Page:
By David Powdrell
15 years ago Libby called and asked if I’d drive to UCSB to photograph the Junior Wheelchair Sports Camp, a camp for kids that I knew absolutely nothing about. “Sure”, I reluctantly replied, confident that these kids would be sad, mad, and perhaps miserable.
I was completely wrong! The kids were happy, grateful, smiling, laughing and fun! After an hour of photographing that Monday morning 15 years ago, I called my wife and asked her to cancel all my business appointments. I would be photographing these amazing kids for the entire week hoping to fill their scrapbooks and give them digital photographs to share with friends and family living outside the area. In the course of the week, they would go on to accomplish incredible acts of courage, make lifelong friends, and smile and laugh with gratitude in their eyes.
The camp provides a safe and supportive environment for mobility challenged kids to participate in a wide range of sports including rock wall climbing, swimming, tennis, hand cycles, pickleball, scuba diving, rugby, soccer, basketball and much more.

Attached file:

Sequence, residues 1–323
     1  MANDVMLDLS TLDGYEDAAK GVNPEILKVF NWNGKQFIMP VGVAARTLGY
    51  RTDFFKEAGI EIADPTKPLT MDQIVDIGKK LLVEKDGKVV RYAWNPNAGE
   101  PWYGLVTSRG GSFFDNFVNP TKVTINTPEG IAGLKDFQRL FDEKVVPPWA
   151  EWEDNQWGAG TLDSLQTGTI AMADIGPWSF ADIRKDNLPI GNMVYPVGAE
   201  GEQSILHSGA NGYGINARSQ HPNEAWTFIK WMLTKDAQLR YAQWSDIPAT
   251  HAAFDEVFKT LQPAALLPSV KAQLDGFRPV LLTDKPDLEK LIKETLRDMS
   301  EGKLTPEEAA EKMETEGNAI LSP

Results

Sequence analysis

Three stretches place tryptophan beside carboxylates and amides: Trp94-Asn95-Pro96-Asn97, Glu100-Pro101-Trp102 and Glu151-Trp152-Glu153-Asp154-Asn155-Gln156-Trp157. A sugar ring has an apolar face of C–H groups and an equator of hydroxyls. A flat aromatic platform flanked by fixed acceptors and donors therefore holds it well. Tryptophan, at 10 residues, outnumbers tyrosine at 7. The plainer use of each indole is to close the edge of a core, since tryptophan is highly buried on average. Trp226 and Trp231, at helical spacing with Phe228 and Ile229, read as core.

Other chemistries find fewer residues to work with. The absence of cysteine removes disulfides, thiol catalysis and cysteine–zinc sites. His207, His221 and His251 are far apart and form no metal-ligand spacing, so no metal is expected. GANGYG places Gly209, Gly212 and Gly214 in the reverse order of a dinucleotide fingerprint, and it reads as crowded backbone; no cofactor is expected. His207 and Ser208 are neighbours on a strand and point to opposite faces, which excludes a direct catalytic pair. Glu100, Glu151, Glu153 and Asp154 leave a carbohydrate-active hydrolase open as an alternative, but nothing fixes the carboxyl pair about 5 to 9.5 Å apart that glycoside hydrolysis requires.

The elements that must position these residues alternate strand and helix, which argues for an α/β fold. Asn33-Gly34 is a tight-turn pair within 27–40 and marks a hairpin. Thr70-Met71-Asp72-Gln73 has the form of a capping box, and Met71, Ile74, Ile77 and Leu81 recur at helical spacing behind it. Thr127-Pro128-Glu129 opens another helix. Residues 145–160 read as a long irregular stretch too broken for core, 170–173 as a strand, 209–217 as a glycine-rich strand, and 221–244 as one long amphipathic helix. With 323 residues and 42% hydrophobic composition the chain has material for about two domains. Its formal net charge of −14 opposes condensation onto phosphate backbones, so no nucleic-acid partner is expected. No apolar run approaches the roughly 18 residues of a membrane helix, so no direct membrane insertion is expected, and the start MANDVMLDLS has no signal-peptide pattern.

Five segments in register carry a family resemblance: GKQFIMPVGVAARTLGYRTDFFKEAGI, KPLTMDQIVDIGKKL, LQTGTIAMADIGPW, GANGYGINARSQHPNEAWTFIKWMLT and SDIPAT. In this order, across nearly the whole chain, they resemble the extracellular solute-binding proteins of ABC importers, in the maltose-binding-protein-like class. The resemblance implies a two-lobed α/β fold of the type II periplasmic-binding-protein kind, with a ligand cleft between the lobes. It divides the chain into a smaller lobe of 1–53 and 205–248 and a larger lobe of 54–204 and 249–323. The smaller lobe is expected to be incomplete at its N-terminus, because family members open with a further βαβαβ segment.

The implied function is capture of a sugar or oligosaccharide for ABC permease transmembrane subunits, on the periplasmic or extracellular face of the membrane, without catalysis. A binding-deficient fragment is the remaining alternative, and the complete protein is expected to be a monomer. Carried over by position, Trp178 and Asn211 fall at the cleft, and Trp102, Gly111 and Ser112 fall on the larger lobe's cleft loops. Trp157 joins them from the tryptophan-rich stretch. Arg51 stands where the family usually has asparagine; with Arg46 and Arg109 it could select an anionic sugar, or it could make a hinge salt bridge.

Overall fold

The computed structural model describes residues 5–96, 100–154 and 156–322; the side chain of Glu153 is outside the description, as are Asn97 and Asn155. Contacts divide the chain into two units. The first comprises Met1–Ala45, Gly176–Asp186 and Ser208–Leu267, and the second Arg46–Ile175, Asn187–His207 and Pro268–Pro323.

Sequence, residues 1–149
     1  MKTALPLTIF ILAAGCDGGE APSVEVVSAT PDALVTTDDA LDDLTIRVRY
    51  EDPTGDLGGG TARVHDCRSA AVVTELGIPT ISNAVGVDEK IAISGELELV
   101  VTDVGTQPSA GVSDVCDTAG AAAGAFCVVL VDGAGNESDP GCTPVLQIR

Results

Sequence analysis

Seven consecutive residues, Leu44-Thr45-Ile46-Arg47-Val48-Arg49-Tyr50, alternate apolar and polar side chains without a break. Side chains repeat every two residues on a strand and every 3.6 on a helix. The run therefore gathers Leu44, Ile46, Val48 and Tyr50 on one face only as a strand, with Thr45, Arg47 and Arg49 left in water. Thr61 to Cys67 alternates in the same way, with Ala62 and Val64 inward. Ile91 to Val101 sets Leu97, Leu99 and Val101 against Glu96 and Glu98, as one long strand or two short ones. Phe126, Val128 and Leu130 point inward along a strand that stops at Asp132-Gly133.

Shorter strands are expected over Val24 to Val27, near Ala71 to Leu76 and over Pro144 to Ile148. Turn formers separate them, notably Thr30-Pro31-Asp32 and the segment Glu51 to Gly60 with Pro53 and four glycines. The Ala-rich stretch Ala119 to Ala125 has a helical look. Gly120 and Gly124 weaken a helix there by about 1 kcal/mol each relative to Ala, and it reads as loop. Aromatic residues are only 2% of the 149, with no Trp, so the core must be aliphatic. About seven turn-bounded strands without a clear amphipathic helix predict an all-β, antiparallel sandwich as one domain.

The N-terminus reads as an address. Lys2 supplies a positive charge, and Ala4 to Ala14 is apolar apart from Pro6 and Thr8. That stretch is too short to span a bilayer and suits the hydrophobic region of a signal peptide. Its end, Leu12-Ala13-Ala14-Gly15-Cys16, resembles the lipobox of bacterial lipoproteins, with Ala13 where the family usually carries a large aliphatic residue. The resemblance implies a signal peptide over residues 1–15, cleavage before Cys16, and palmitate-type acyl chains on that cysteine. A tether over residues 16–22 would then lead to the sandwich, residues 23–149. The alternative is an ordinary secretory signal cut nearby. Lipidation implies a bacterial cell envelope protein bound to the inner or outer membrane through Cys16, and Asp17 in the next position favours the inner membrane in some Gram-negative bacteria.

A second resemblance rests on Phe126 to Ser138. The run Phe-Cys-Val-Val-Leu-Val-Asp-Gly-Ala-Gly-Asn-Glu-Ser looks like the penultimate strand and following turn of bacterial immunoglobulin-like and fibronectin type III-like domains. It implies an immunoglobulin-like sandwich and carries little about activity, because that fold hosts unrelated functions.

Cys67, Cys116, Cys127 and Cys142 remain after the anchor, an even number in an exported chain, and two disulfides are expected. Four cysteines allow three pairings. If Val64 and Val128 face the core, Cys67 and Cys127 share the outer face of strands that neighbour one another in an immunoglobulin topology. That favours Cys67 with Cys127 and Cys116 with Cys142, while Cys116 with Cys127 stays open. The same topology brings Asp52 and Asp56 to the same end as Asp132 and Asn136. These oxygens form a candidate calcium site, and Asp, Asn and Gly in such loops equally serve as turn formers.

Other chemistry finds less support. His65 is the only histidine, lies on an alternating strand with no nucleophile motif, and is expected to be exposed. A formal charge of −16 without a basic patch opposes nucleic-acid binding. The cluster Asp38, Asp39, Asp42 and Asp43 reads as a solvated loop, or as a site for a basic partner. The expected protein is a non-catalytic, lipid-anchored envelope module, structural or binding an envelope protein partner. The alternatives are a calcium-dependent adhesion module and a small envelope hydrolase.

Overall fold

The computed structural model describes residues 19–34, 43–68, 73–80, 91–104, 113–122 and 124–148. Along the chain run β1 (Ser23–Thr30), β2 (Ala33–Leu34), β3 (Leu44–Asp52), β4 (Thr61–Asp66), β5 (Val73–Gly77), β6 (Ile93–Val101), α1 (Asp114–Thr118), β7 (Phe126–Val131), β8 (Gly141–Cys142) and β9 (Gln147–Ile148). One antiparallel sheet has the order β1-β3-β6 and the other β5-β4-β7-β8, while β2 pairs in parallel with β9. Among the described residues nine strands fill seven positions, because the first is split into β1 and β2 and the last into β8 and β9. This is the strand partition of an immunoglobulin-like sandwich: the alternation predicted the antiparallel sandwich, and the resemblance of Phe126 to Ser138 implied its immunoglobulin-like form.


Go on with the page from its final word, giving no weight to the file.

The camp breaks down physical and societal barriers for children with disabilities. The Junior Wheelchair Sports Camp demonstrates that children with mobility challenges not only participate, but actually excel in various physical endeavors, just like their able-bodied peers.
The Junior Wheelchair Sports Camp empowers kids to be more independent. Through adaptive sports and activities, they learn valuable life skills, build resilience, and develop a strong sense of self-worth. The camp has a positive impact on the mental well-being of the children too. Self-esteem is enhanced, stress is reduced, the sense of isolation is reduced, all leading to a positive outlook on life.
The camp staff and volunteers are amazing, dedicated and passionate. They all go beyond the call of duty to make every camper have the absolute best week-long experience possible.When the bug bites a new volunteer, he or she typically returns year after year.
One camper shared with me that this week was the only week of the year that he felt completely “normal”.
Another shared that her town didn’t have any camps with similar programs or opportunities.
For me, the greatest reward is when a kid overcomes what they thought was impossible. One boy, who dreaded heights, climbed to the top of the rock wall. Another, who “doesn’t swim” was scuba diving at the end of the camp experience.
Leader Rene Van Hoorn, all the staff, volunteers, sponsors, and supporters of the annual Junior Wheelchair Sports Camp should be celebrated for they are making the world a better place, one child at a time.
The 2023 camp has just concluded, but let’s hope that the Junior Wheelchair Sports Camp inspires others to create similar opportunities for children with disabilities around the world.